With the four big sides of the São Paulo region arbitrarily kept apart in separate groups in the new-fangled state championship (don’t ask), progress to the next round was expected to be a formality. After all, even under the old system – which admittedly only lasted four years – not once had any of the big guns failed to make the knockout stages.
But Corinthians have never been a team to shy away from an early-season crisis. They went into the weekend in danger of becoming the first high-profile side to come unstuck in this year’s truncated estaduais, sitting third in their section behind Botafogo-SP and Ituano.
Qualification was not out of reach, but it was out of their hands. To stay in contention heading into the final round of the group stage, the Timão needed to avoid defeat against Penapolense on Sunday and then hope for a favour from bitter rivals São Paulo, 3-2 winners in the clássico a week earlier.
Corinthians started on the front foot in Penápolis, Jádson and Luciano (who bears all the hallmarks of being this year’s Bright Young Thing) buzzing around with intent. The breakthrough, though, would not come. Then came the news all Corinthianos feared. Ituano had scored at the Morumbi. Esquerdinha ('Little Lefty') had beaten Rogério Ceni with one fateful swish of his right boot.
That would turn out to be the only goal scored in either match. Corinthians huffed and puffed but could not muster a winner; São Paulo, who had already secured their place in the second round, were far from their best and never really looked like recovering from going behind.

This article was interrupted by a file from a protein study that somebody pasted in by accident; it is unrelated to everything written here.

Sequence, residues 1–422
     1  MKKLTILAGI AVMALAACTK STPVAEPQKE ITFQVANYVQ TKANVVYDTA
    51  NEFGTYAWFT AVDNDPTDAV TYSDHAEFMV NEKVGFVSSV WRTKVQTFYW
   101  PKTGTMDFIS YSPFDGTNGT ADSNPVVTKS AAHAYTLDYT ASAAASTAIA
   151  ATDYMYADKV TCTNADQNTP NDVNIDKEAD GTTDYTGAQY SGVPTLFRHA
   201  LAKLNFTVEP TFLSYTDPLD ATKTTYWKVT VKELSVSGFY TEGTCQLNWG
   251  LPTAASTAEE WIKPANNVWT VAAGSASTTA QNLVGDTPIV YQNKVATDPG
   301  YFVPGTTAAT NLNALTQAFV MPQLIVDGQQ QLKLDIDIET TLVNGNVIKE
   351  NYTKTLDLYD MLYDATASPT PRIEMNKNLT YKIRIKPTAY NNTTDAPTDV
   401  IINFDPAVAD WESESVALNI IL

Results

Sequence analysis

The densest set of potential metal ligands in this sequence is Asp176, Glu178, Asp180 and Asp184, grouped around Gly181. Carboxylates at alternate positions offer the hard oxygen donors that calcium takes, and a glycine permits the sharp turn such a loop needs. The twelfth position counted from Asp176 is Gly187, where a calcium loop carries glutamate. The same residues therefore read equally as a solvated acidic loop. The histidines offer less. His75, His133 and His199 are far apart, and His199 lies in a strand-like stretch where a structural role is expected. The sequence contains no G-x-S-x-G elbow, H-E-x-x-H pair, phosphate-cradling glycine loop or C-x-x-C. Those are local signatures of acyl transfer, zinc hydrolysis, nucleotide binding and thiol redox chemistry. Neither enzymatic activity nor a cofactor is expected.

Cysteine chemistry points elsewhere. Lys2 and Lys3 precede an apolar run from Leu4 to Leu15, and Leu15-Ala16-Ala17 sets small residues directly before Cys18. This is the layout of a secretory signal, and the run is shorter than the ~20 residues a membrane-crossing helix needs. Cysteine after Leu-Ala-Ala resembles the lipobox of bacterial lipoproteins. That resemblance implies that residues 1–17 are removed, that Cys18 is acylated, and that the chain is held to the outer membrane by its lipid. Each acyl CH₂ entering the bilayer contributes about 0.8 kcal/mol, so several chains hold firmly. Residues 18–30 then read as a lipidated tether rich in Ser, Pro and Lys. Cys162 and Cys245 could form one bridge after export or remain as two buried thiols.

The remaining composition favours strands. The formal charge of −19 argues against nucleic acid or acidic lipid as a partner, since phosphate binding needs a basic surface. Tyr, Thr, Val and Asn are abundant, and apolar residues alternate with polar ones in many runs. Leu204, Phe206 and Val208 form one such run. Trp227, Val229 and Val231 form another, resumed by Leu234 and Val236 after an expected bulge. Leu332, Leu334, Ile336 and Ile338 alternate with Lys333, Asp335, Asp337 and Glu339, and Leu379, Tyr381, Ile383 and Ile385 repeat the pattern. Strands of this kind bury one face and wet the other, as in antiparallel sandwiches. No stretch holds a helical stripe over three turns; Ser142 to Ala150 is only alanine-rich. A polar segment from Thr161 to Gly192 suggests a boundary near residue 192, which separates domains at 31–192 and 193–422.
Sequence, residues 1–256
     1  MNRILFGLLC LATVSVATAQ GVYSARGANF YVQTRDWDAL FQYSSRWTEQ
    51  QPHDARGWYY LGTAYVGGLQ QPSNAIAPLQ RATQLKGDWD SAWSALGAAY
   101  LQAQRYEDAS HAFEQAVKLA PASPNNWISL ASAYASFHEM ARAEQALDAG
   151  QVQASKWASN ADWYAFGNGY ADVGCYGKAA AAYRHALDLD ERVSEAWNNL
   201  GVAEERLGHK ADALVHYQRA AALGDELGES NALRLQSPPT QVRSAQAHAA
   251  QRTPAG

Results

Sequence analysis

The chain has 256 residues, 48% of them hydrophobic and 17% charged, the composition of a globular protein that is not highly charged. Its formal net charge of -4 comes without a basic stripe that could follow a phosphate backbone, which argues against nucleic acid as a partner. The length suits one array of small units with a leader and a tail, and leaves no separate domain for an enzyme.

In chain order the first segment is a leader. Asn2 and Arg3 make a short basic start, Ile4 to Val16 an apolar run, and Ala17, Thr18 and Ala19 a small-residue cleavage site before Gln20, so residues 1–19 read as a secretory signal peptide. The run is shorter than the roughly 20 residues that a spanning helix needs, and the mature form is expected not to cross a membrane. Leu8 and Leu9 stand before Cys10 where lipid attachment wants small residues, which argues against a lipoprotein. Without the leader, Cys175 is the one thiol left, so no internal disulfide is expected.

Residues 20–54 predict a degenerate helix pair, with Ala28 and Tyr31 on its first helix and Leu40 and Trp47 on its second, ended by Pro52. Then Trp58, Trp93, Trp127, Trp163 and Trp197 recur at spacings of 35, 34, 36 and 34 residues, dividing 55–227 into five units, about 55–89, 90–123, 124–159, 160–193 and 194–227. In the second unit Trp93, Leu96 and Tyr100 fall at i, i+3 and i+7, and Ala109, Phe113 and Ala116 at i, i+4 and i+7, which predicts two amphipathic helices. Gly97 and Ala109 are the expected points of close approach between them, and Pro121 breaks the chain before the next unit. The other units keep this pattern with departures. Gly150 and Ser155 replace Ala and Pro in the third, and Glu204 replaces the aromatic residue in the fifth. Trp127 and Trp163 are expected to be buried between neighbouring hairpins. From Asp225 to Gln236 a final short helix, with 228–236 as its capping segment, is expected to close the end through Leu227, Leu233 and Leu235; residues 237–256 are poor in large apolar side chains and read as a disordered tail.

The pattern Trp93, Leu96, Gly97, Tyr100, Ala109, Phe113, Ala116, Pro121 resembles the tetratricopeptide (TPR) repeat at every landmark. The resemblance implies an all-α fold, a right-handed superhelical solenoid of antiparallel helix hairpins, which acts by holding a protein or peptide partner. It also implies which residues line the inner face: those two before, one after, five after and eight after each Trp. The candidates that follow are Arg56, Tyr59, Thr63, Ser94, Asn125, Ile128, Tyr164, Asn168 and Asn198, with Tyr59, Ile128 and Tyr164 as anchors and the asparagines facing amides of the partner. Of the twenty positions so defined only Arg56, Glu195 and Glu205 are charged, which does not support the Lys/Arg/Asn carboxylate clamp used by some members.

The real drama would only begin at the full-time whistle, when, in entirely predictably fashion, Corinthians cried foul. Romarinho was the first out of the gate, letting out a classic loser’s moan before even leaving the pitch. “We knew this was going to happen,” he whined. “We knew they’d let them win. I think they’re scared of us.”
Coach Mano Menezes also piped up: “Every one of us has to live with his own conscience. The gods of football are watching and know how to deal with these things. Let’s see what they decide to do.”
In reality, of course, the vast majority of the blame lies with Corinthians themselves. It was neither São Paulo nor some all-seeing deity, for example, that inflicted four straight defeats on the Timão early on in the Paulistão. And it was Romarinho himself who spurned a golden chance to earn his side three points at the weekend.
Talk of collusion and such like is frustratingly de rigueur in the Brazilian game, with both fans and the clubs themselves happy to conjure conspiracy theories to obscure their own shortcomings. These imprecise grumblings tend to accumulate and morph together, blossoming into a feeling of persecution that has little to do with events as they actually occurred.
In a country whose football rivalries have been known to spill into mindless violence, players and managers might be wise to keep their thoughts to themselves.
The same principle also applies to members of Brazil’s judiciary. A number of Corinthians fans who were being held for invading the club’s training complex in February (another earthly contributor in their side’s poor form, no doubt) were released this week by an official who, judging by his accompanying statement, represents the depressingly boorish demographic that tends to shout loudest in all matters futebol.
“It was nothing more than a protest,” said apparent judge Gilberto Azevedo Morais Costa. “They are loyal fans who just wanted to call attention to the issues… to make the players earn their wages and play proper Brazilian football.”
You wonder just what that latter point has to do with a bunch of thugs threatening (and, according to some reports, attacking) players. Another issue brushed under the carpet with minimal justification.
Jack Lang - @snap_kaka_pop
- Sports & Recreation
- São Paulo